• Slow down when approaching other vehicles on gravel roads, as well as when the surface changes from paved to gravel.
  • Blind summits are common. Slow down and keep to the right-hand edge of the road.
  • Many bridges are only wide enough for one vehicle at a time.

Approach bridges carefully.

  • The speed limit is 90 kilometres per hour (56 mph) on paved roads and      80 kmh (50 mph) on gravel roads. It is important to adjust your speed according to the circumstances.
  • Domestic animals are often on country roads and they can jump in front of vehicles with little or no warning.
  • Always drive with your lights on, even in daylight.
  • Use seat belts at all times - they save lives.

Glacial Rivers and Fords

Away from the main roads there are many unbridged rivers. Fording rivers should only be undertaken by four-wheel-drive vehicles and you should make sure that the four-wheel-drive mode has been engaged before going into the water. Drive in first gear and use 'low' drive if available.

  • When crossing glacial rivers bear in mind that the situation can change very quickly. On warm summer days the flow increases.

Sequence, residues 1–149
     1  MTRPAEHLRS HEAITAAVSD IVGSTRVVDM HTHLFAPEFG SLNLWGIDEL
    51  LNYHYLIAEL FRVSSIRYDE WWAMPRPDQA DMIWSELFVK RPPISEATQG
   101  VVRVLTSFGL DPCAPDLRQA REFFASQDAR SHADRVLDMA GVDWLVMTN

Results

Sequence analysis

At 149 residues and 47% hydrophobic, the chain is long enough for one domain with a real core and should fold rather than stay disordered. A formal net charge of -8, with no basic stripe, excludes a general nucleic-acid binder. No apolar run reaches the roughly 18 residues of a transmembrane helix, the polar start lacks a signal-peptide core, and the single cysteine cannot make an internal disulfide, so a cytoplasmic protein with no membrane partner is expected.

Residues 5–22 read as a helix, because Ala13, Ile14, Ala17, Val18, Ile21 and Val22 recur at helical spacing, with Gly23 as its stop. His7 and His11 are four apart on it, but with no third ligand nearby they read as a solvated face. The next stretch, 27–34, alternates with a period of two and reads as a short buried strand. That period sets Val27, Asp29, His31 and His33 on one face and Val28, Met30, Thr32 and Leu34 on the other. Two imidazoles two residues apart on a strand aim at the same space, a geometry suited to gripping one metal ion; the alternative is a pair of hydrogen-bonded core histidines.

• Heavy rain can cause a rise in water levels and rivers can become uncrossable even for large, well-equipped vehicles. There is generally less water in glacial rivers early in the day.
  • Many accidents occur because the river was misjudged.
  • Seek advice from experienced drivers before crossing glacial rivers and watch how and where experienced drivers cross over.

Geothermal Areas

You will find hot springs in many areas in Iceland. The temperature of the water or mud can be above the boiling point.

  • Follow any instructions available and keep to designated paths when you visit geothermal areas. Don't use your fingers to check the temperature of the water!